Wednesday, May 25, 2005

TV the Right Way 

Despite the lurid headline, this article from the Guardian (UK) describes the new guidelines for television programming across the pond. They're the kind of thing that would make the religious right bitch and scream stateside. Well, they're probably bitching and screaming in the UK, too. The difference is, over there the government don't give a fig for what the fundies say.

The policy is based in common sense instead of morality, as summed up thusly:
Ofcom has drawn up a 117-word definition of "context" that broadcasters can use to justify the depiction of sex or violence and the use of bad language, including the time the programme was shown, the channel on which it was broadcast, the size of the audience and whether viewers were warned about the content.

"It's about telling the punter what they are going to get before they get it," said Mr Hooper.
Indeed. It still baffles me that, in this age of V-Chips and parental controls on media devices, that there's still any regulation (read: censorship) of the public airwaves. For some reason, a sizeable number of Americans just don't get the simple concept: If you don't like it, don't watch it, and take control of your children's viewing habits.

They put it this way in the article from Britain:
The broadcasting code is intended to give broadcasters more "creative freedom" and allow audiences more responsibility in deciding what they watch.
And those are the keywords there. No artist should be told, ever, what they can or cannot do, short of harming other people. And viewers are the ones who are responsible for what they see on their TVs. After all, the things don't automatically turn themselves on and switch to soft-core cable porn.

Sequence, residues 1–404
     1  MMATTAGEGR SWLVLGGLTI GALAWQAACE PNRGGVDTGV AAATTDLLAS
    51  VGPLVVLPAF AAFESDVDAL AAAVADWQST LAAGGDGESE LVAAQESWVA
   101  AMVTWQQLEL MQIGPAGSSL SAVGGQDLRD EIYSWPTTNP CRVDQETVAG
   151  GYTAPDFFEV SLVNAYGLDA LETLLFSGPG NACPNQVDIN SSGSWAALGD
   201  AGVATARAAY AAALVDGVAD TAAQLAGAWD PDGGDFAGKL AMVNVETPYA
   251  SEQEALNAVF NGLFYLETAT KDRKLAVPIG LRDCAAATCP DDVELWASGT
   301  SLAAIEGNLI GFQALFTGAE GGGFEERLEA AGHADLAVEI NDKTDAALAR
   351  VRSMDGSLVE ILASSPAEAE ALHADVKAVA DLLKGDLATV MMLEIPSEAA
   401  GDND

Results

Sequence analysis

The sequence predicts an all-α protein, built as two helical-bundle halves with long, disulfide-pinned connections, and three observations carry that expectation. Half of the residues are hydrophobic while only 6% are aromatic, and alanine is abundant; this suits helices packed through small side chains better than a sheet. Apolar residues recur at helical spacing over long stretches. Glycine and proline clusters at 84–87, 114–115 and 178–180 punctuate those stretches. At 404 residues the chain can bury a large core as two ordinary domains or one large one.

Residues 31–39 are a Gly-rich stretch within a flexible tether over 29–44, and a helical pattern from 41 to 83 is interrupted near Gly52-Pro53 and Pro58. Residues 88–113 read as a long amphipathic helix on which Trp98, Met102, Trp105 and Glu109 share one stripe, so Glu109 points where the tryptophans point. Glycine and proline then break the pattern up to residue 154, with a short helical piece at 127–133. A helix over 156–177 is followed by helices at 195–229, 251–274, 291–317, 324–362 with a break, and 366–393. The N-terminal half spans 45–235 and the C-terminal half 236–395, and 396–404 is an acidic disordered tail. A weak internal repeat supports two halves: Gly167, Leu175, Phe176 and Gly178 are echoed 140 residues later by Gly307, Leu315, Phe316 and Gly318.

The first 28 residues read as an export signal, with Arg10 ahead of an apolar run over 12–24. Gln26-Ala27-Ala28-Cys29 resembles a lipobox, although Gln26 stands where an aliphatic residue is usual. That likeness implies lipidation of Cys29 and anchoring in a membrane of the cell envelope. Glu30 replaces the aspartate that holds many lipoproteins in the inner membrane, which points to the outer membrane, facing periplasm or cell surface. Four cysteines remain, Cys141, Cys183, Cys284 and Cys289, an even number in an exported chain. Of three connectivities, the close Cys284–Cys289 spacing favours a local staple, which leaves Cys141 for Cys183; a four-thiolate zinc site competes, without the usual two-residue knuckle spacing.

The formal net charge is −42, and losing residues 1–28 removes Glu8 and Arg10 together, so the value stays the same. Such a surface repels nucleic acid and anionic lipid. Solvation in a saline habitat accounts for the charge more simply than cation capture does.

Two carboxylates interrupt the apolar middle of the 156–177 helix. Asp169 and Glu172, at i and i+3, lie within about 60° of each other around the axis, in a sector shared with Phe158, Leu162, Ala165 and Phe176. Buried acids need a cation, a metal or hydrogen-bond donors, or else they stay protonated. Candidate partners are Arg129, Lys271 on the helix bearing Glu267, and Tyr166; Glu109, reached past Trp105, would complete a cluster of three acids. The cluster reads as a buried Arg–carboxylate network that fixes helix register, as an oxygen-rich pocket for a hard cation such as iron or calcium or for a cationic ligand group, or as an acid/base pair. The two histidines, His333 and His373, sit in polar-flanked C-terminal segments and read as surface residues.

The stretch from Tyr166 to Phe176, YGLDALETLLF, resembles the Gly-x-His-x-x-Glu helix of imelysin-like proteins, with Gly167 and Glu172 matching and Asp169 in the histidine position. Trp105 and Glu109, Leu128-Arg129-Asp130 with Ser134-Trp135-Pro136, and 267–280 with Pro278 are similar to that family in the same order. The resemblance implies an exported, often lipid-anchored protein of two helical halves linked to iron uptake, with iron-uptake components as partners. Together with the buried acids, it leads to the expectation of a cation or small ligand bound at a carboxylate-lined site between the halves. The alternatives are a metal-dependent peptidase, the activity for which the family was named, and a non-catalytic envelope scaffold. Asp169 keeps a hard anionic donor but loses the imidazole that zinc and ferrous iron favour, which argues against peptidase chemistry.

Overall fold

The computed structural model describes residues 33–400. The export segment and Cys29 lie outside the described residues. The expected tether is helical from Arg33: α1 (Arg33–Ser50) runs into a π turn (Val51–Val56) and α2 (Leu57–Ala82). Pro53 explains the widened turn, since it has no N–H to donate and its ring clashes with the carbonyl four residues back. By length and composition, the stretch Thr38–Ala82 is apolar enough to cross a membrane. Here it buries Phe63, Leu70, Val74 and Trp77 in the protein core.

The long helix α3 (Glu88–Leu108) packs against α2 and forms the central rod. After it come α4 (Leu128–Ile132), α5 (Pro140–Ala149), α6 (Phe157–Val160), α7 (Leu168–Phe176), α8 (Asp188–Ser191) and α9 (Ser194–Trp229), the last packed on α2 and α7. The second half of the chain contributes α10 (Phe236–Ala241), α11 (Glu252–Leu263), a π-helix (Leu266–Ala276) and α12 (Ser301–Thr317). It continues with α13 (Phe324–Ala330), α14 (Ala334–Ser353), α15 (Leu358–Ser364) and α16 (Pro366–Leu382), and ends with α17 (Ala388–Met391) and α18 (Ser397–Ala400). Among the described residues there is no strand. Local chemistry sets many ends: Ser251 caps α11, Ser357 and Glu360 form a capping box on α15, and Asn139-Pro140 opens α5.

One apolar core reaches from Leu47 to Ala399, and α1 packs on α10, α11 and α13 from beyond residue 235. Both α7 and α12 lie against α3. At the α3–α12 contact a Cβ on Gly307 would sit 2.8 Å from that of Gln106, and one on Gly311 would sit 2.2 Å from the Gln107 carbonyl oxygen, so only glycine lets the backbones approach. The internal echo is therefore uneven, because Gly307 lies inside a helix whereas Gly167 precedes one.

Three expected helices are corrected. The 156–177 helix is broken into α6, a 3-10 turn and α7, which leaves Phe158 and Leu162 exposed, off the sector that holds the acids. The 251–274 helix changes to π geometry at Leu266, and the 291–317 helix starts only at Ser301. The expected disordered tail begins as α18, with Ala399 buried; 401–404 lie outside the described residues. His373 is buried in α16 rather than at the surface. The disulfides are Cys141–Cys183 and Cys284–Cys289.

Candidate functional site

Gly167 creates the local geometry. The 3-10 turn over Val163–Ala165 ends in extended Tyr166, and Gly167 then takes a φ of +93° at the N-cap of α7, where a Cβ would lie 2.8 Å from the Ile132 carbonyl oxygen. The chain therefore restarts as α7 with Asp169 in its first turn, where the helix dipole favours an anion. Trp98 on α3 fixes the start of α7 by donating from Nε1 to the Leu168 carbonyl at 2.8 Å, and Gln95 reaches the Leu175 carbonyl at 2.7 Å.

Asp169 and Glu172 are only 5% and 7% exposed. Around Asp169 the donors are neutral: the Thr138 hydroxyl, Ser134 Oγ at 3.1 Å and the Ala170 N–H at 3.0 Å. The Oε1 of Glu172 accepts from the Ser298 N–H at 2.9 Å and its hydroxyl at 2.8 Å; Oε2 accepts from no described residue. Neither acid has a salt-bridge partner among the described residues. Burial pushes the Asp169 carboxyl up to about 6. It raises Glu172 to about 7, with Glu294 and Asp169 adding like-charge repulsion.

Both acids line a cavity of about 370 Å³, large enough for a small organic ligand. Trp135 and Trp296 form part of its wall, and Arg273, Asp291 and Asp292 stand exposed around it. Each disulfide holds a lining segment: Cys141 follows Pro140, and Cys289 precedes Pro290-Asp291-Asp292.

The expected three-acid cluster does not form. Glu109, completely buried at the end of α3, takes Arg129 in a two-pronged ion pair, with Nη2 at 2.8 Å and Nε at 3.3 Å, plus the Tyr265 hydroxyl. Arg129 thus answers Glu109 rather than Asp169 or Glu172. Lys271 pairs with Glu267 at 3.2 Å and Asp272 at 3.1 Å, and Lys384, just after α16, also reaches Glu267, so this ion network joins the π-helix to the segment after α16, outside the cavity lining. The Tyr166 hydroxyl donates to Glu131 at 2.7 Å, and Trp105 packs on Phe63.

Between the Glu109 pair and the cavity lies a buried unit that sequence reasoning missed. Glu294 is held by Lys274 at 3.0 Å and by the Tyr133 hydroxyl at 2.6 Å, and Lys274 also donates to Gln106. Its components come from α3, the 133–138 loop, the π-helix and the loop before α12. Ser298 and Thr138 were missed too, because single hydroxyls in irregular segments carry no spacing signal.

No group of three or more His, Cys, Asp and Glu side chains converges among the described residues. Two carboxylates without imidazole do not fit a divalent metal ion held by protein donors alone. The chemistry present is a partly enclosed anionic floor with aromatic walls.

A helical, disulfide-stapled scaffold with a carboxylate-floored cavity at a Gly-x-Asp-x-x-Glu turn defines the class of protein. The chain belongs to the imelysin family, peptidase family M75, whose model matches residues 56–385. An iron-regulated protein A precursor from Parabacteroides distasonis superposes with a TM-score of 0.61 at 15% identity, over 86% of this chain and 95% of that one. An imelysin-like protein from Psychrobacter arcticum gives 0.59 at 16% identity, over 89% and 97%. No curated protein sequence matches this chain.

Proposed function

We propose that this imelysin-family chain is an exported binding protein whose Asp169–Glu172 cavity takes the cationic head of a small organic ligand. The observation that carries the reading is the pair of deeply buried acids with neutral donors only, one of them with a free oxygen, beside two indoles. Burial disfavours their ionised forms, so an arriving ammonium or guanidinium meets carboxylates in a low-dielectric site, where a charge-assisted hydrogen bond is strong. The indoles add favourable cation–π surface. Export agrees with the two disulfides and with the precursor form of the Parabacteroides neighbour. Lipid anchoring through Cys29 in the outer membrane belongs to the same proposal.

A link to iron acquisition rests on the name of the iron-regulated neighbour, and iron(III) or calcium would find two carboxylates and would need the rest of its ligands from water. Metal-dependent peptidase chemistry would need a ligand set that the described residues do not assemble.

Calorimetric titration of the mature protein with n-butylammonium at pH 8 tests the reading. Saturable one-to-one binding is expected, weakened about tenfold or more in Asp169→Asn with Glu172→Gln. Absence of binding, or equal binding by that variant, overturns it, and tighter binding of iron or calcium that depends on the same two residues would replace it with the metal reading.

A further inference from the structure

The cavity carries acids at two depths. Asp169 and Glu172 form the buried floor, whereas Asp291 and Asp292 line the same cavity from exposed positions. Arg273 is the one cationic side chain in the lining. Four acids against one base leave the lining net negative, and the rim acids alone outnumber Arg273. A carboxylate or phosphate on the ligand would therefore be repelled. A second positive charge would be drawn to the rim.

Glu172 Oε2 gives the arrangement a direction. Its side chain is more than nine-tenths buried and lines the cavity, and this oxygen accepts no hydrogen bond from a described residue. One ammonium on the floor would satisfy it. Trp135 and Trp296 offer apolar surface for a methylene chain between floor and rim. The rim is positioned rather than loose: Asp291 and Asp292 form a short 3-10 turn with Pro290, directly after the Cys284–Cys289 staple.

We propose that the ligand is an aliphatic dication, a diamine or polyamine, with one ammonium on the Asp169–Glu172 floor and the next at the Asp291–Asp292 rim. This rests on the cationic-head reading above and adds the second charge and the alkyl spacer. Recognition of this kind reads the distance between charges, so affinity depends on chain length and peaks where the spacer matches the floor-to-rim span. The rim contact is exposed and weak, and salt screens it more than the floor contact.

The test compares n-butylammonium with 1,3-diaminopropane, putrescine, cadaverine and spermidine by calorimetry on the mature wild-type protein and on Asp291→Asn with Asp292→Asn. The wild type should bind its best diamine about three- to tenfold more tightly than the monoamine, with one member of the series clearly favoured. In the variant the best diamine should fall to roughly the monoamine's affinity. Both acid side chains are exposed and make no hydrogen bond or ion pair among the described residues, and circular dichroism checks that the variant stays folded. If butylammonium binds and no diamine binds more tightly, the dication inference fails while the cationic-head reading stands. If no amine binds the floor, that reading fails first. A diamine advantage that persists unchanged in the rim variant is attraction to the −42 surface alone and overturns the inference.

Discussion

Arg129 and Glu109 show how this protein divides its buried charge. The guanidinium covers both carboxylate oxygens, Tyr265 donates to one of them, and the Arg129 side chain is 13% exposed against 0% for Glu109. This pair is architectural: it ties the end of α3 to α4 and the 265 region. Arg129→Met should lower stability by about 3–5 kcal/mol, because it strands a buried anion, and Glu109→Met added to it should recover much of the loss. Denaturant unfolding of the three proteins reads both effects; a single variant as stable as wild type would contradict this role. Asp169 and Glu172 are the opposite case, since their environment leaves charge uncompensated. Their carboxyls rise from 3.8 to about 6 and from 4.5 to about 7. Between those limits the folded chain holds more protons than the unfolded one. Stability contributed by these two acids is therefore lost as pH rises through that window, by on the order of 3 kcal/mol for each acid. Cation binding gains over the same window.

In an ideal universe, people, parents in particular, would take responsibility. They'd learn how to use the parental controls, figure out what the ratings mean, and then make the decisions as to what their children could or could not watch. And the FCC (and MPAA) would get the hell out of the censorship business. Broadcasters would be free to show what they wanted to, provided the content carried the proper rating to make the V-Chip meaningful. But beyond that, there should be no content control whatsoever. Period. If the WB wanted to run a hardcore porn version of The OC, they could. People would either tune in or they wouldn't. But I'd bet that a show like that would be a huge ratings hit, at least for its pilot episode.

The irony of all the rightwing loonies trying to dumb everything down until it's safe for everyone and interesting to no one is that it contradicts that other facet of conservatism, the belief in a capitalist free market. If it's really true that "most people" (to use a Fox Newsism) don't want to see the naughty stuff, then lets put it to a free market test. Take the reins off the creative people. Anything goes. At the end of the season, we'll see which shows are hits.

After all, MTV's The Real World would be unwatchable if it weren't full of attractive, often pixelnaked, horny young people. And it's been on the air since 1992.

But we all know that Baywatch and its variations ran for a combined fourteen years, spawned five made-for-TV movies and an upcoming theatrical film, all because of its scintilating plotlines and brilliant dialogue...

(Funny story addendum: I once saw (and I have a witness) an episode of Baywatch with a hidden surprise. See, during one of those slo-mo, let's watch the wet hooters bounce while the women jog moments, some dude in the background on the beach with his friend suddenly turns around, drops trou and moons us, all in slo-mo and for quite a long time. I've never figured out whether it got through because: a) none of the production crew was watching anything but the boobies, or b) the producers saw it but said, "You know what? I'll bet no one will notice that naked ass because nobody will be watching anything but the boobies." In any case, it would be interesting to know whether anyone ever complained. The guy did have a mighty fine ass, after all. Mighty fine...)

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